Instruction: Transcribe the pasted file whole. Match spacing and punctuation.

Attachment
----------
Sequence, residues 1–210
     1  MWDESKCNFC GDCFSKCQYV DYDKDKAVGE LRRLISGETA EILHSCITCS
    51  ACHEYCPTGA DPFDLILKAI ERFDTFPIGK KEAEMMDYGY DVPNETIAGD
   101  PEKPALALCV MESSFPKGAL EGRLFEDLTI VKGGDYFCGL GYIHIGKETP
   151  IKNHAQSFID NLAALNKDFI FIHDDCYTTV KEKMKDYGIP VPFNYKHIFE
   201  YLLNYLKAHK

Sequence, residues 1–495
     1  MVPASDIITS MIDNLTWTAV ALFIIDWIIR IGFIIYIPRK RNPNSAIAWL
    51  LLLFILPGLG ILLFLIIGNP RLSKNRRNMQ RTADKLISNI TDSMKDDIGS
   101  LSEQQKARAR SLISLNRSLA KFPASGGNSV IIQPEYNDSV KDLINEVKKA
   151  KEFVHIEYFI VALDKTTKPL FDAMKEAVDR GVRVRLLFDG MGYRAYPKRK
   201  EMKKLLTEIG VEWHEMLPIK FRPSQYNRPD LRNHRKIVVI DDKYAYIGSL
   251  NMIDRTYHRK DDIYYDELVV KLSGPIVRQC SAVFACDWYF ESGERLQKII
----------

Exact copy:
Sequence, residues 1–210
     1  MWDESKCNFC GDCFSKCQYV DYDKDKAVGE LRRLISGETA EILHSCITCS
    51  ACHEYCPTGA DPFDLILKAI ERFDTFPIGK KEAEMMDYGY DVPNETIAGD
   101  PEKPALALCV MESSFPKGAL EGRLFEDLTI VKGGDYFCGL GYIHIGKETP
   151  IKNHAQSFID NLAALNKDFI FIHDDCYTTV KEKMKDYGIP VPFNYKHIFE
   201  YLLNYLKAHK

Sequence, residues 1–495
     1  MVPASDIITS MIDNLTWTAV ALFIIDWIIR IGFIIYIPRK RNPNSAIAWL
    51  LLLFILPGLG ILLFLIIGNP RLSKNRRNMQ RTADKLISNI TDSMKDDIGS
   101  LSEQQKARAR SLISLNRSLA KFPASGGNSV IIQPEYNDSV KDLINEVKKA
   151  KEFVHIEYFI VALDKTTKPL FDAMKEAVDR GVRVRLLFDG MGYRAYPKRK
   201  EMKKLLTEIG VEWHEMLPIK FRPSQYNRPD LRNHRKIVVI DDKYAYIGSL
   251  NMIDRTYHRK DDIYYDELVV KLSGPIVRQC SAVFACDWYF ESGERLQKII